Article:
To allow tracheal branch outgrowth, appropriate E-Cad levels at the AJs have to be tightly regulated (Shaye et al., 2008). This precise control depends on the balance between de novo synthesis and degradation of E-Cad and its internalisation and recycling from and to the apical membrane. We therefore investigated whether the intracellular E-Cad/Par-3 dots observed in the absence of MTs are intermediates in the de novo synthesis route associated with the secretory pathway or alternatively derive from endocytosis from the apical membrane. To discriminate between those two possibilities, a dominant-negative form of Rab5 (Rab5DN) that specifically blocks internalisation by preventing early endosome formation (Entchev and González-Gaitán, 2002) was overexpressed in the tracheal system. This results in a complete block in DB intercalation, visible as two parallel lines of E-Cad (Fig. 2J-J″; supplementary material Fig. S4B) (Shaye et al., 2008). We then tested whether the intracellular E-Cad dots formed in the absence of MTs are still detected when endocytosis is impaired. Rab5DN was overexpressed in tracheal cells together with Spastin and the E-Cad distribution examined at stage 14. Interestingly, intracellular E-Cad dots are still visible in tracheal cells (Fig. 2K-K″). In addition, the E-Cad-positive dots colocalise with Par-3 (Fig. 2L-L″). Taken together, these results indicate that intracellular dots of E-Cad/Par-3 derive from the de novo synthesis pathway. They also suggest that the interaction between these two proteins probably occurs during trafficking between the Golgi apparatus and their targeting to the plasma membrane.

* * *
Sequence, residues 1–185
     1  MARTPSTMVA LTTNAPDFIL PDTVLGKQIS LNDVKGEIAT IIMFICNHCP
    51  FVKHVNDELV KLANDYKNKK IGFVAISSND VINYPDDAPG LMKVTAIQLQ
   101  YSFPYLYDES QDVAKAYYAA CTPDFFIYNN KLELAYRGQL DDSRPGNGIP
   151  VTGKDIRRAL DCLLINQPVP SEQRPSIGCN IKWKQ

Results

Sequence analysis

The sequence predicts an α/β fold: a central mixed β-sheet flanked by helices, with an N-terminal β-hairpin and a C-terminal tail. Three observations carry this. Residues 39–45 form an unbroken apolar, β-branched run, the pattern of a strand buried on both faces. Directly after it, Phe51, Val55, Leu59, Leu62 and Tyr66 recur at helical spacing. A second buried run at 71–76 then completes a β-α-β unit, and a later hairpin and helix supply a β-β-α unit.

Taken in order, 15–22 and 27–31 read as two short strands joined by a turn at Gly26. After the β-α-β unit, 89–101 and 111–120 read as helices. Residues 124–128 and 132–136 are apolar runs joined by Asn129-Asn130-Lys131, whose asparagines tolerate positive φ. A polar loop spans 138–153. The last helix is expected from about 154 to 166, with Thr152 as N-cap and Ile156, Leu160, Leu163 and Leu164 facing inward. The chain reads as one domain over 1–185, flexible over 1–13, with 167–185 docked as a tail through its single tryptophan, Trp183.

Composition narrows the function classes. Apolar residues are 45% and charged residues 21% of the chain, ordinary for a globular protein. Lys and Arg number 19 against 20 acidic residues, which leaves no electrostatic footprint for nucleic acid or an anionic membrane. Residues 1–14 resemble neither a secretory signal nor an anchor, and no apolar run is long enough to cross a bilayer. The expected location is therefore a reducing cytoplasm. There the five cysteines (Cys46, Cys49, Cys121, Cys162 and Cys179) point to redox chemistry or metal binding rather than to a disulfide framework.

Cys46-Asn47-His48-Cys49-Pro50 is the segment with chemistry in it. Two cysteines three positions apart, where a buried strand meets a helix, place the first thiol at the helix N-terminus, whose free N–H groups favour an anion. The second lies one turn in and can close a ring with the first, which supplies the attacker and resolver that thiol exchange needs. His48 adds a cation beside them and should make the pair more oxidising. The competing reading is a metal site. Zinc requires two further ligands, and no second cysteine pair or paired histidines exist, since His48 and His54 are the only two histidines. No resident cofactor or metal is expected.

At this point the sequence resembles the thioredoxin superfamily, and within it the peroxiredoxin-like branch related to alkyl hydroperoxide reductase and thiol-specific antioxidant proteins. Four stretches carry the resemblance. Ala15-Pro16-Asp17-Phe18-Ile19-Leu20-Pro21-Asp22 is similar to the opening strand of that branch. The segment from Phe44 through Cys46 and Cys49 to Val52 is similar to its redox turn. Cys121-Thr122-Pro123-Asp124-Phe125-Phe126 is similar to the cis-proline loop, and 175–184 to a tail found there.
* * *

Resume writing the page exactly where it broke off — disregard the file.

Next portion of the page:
Altogether, these results reveal an MT-dependent mechanism to apically maintain Par-3 and E-Cad levels at AJs during tubular epithelium remodelling. In addition, this mechanism appears to rely on de novo synthesis of E-Cad rather than recycling from the apical plasma membrane.

Differences in E-Cad dynamics between tracheal and epidermal cells